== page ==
Wise Leadership

What Is “Wise Effort”?

March 25, 2023

Put your values and strengths into action. There are four questions I ask myself before taking on a new project: Does it contribute to the life I want to build? Does it use my natural gifts and strengths? Does it serve more than just me? Is it fun? I often describe myself as having an […]

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Diana Hill, PhD, is a clinical psychologist, international trainer, and sought-out speaker on Acceptance and Commitment Therapy (ACT) and compassion

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Put your values and strengths into action.

There are four questions I ask myself before taking on a new project:

  1. Does it contribute to the life I want to build?
  2. Does it use my natural gifts and strengths?
  3. Does it serve more than just me?
  4. Is it fun?

I often describe myself as having an ambivalent relationship with ambition. It’s what helps me achieve my goals, but also what leads to self-focus, ridigity and depletion.

Many strivers feel like they have to choose between ambitions, or give up when they aren’t the best. Either you are all in or you are all out. The practice of “wise effort” offers us another way to enter this paradox without having to resolve it.

With curiosity, flexibility and values-based action your can turn your wrecking ball of ambition into a pendulum of wise effort—gently moving with effort and effortlessness.

An Integrative View On Wise Effort

In Buddhism, wise effort is a step in the Eightfold Path to freedom. Wise effort is described as the purposeful dedication of your energy toward what is wholesome (i.e., helpful) and abandoning what is unwholesome (i.e., unhelpful).

In positive psychology, wise effort is rising to life’s challenges with a growth mindset, taking values-based risks, staying present and open, and savoring the good along the way. Wise effort is welcoming “good stress” that bolsters your cellular and mental resilience and practicing deep rest to prevent toxic stress and allostatic overload from wearing down your brain and body.

Wise effort is two interdependent elements:

  1. Wisdom: Clarity coming from self-examination, knowing your values and strengths, and gathering knowledge of established sources;
  2. Effort: Applying your energy in the right amount, with flexibility and determination, in the directions that matter to you.

Values and Strengths

Wise effort is about knowing where to dedicate your energy and how much to put forth. Choosing activities from your values motivates you to act with determination and enthusiasm. For example, consider the energy surge you get when helping a good friend in trouble or volunteering for a cause you love.

Applying your strengths allows you to do what comes naturally to you. For example, if you have a personal strength in social intelligence, you may find it easier to live out your values when doing things with others. If you have a strength in leadership, it may be easier to live out your values when you are at the helm.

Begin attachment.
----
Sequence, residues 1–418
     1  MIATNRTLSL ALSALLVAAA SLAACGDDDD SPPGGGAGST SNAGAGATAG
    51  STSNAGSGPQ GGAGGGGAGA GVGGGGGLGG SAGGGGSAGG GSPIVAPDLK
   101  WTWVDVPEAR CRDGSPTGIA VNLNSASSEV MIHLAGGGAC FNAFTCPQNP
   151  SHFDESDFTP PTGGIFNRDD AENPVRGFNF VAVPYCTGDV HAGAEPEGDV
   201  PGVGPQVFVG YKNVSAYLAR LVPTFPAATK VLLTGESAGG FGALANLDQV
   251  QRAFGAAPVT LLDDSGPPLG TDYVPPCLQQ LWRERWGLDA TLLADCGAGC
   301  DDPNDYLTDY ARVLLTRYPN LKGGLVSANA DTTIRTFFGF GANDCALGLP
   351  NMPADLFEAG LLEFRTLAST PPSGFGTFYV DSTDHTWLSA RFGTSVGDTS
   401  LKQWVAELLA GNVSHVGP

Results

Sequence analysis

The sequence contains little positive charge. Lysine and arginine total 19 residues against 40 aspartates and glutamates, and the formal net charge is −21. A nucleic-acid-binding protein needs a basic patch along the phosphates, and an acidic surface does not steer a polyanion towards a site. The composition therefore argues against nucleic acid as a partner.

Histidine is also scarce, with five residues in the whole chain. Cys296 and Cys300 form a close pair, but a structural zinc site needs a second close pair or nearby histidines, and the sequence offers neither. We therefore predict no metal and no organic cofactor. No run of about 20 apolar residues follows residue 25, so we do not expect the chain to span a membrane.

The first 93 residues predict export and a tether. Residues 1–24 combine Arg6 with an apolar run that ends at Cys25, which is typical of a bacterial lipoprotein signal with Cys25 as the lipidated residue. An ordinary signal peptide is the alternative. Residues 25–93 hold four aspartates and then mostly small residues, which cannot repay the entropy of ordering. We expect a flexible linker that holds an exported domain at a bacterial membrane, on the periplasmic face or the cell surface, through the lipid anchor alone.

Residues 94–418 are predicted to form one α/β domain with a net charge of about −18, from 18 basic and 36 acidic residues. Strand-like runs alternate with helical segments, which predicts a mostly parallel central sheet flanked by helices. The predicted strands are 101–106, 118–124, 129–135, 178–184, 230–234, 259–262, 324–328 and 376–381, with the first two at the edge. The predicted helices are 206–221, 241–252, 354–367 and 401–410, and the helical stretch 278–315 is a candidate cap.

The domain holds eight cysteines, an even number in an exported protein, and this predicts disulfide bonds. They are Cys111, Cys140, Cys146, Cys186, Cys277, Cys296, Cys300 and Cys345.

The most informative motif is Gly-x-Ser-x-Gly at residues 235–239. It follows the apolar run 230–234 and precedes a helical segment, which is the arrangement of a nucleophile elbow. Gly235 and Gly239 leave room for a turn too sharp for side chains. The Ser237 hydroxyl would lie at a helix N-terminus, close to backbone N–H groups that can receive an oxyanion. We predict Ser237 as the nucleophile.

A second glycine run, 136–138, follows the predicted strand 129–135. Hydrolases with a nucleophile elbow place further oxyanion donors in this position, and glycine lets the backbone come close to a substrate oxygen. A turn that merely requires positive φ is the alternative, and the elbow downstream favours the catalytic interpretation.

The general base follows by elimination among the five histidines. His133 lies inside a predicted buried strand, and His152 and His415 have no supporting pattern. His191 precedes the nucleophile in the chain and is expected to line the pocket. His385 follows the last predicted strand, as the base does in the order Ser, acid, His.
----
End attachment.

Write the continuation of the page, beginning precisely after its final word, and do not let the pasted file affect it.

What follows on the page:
Values x Strengths = Wise Effort

How can you practice wise effort today? Try these actions:

1. Choose values.

Pause before saying “yes” or entering into a new activity. Ask yourself:

  • How can I use my effort here to contribute to the life I want to build?
  • Does this energize me and bring me vitality?
  • How can my efforts benefit my well-being and others at the same time?

2. Apply your strengths.

Identify your strengths, which are the gifts that come easily to you. Ask yourself:

  • How can I apply my personal gifts to this activity?
  • How can I use my strengths when faced with challenges and barriers?
  • How can my strengths complement my values?

3. Have fun.

Many high achievers put aside fun for a future date once they’ve achieved their goals. There’s an achievement fallacy, however. In my interview with Dr. Mike Rucker, author of The Fun Habit, he shared “Happiness is something you feel. Fun is something you do.” Ask yourself:

  • Are you setting aside time each day and week for fun? Do you savor pleasurable experiences?
  • Dr. Rucker recommends we generate a “fun file,” a list of 8-15 enjoyable activities to do. What would you include in your fun file?
  • How can I engage in one fun file activity each day?

4. Engage in constructive rest.

Many high achievers do not like downtime, stillness, or rest. However, stress researchers consistently show that restful activities (e.g., whether meditation, legs up the wall, or time in nature) are vital to our stamina, resilience, and ability to bounce back after a stessful event. Try one of these activities to balance good stress with constructive rest.

  • Rest your mind: Try guided meditation or yoga.
  • Rest your body: Take some short ultradian breaks throughout the day.
  • Give your whole being a rest: Immerse yourself in nature, do a creative art project, or play!

“Any positive energy we put toward ourselves or others creates an atmosphere of love and compassion that ripples out and out—who knows how far?” —Pema Chodron

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